UK prime minister Boris Johnson has been forced to delay the end of England’s Covid-19 restrictions by up to four weeks after being warned the move could lead to thousands of deaths and unbearable pressure on the Natonal Health Service (NHS).
Mr Johnson announced the setback to the final phase of his plan to end the lockdown in England due to concerns over the rapidly spreading Delta variant first identified in India.
Experts in the UK feared going ahead with England's 'Step 4' in the easing of restrictions on June 21st as planned could lead to hospital admissions on the scale of the first wave of Covid-19 heaping unsustainable pressure on the health service.
To avert this, Mr Johnson said during a Downing Street press conference that it is “sensible” to put back the end of all legal limits on social contact to July 19th, saying he is “confident” no further delay will be necessary.
He added he hopes deaths will be significantly reduced by that point because two-thirds of adults will have then been offered both vaccine doses due to the delay being coupled with a reduction in the time between jabs for the over-40s.
Limits on numbers for sports events, pubs and cinemas will therefore remain in place, nightclubs will stay shuttered and people will be asked to continue working from home where possible.
Downing Street left open the option of ending restrictions on July 5th if the data proves drastically better than expected but conceded this is “unlikely”.
Mr Johnson did, however, announce a limited easing of restrictions to take place from June 21st as he faces the prospect of a rebellion from Conservative MPs who are furious about the delay.
The 30-person cap for wedding ceremonies and receptions, as well as wakes, will be lifted, with limits to be set by venues based on social distancing requirements.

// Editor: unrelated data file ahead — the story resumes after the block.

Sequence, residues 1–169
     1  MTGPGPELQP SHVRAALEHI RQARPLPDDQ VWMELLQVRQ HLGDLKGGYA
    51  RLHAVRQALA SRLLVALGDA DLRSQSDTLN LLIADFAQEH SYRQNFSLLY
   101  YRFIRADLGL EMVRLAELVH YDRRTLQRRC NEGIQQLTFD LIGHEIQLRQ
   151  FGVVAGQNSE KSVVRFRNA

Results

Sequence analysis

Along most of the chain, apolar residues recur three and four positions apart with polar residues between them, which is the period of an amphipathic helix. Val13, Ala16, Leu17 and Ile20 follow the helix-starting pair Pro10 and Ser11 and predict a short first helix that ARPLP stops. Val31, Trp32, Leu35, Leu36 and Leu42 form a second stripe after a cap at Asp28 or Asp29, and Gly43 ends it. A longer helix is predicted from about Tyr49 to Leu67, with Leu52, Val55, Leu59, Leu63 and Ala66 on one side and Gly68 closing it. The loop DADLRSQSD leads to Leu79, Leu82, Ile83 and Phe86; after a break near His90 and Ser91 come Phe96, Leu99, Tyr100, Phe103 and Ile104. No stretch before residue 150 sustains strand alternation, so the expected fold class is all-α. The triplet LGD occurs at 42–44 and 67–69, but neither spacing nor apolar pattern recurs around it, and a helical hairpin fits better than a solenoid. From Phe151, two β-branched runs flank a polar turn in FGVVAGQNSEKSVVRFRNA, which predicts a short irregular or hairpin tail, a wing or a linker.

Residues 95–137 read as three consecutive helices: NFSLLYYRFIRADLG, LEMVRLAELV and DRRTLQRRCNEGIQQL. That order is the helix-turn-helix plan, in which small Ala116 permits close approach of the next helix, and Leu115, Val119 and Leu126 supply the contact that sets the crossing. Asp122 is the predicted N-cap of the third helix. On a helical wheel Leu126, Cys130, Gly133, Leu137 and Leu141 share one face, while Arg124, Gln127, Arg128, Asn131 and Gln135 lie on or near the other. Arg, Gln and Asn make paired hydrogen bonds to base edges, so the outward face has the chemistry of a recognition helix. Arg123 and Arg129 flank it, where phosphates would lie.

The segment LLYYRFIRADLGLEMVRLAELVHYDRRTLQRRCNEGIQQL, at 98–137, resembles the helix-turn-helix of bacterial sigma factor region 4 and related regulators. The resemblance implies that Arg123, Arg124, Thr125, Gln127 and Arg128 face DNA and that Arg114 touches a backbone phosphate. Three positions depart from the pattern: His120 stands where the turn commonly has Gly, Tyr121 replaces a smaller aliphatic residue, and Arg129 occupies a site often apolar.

Care home residents will also no longer need to self-isolate for 14 days after leaving for visits in most cases.
Fans are expected to be able to attend the Euro 2020 semi-finals and final in Wembley Stadium in London as the pilots on attendance of large events continue.
Mr Johnson said: “It’s unmistakably clear that vaccines are working and the sheer scale of the vaccine roll-out has made our position incomparably better than in previous waves.
“But now is the time to ease off the accelerator because by being cautious now we have the chance in the next four weeks to save many thousands of lives by vaccinating millions more people.”
Officials also called into question the test to ensure infection rates do not lead to a surge in hospital admissions that could put unsustainable pressure on the NHS.
Modelling by the UK government’s Spi-M group suggested there was a possibility of hospital admissions reaching the heights of the first peak in March 2020 if the relaxation went ahead on Monday.
Experts believe the Delta variant is driving a rapid acceleration in cases, estimating it is between 40 per cent and 80 per cent more transmissible than the Alpha variant first found in Kent.
UK ministers were expected to hold a vote in parliament on Wednesday in order for the government to be given the legal powers to extend the restrictions.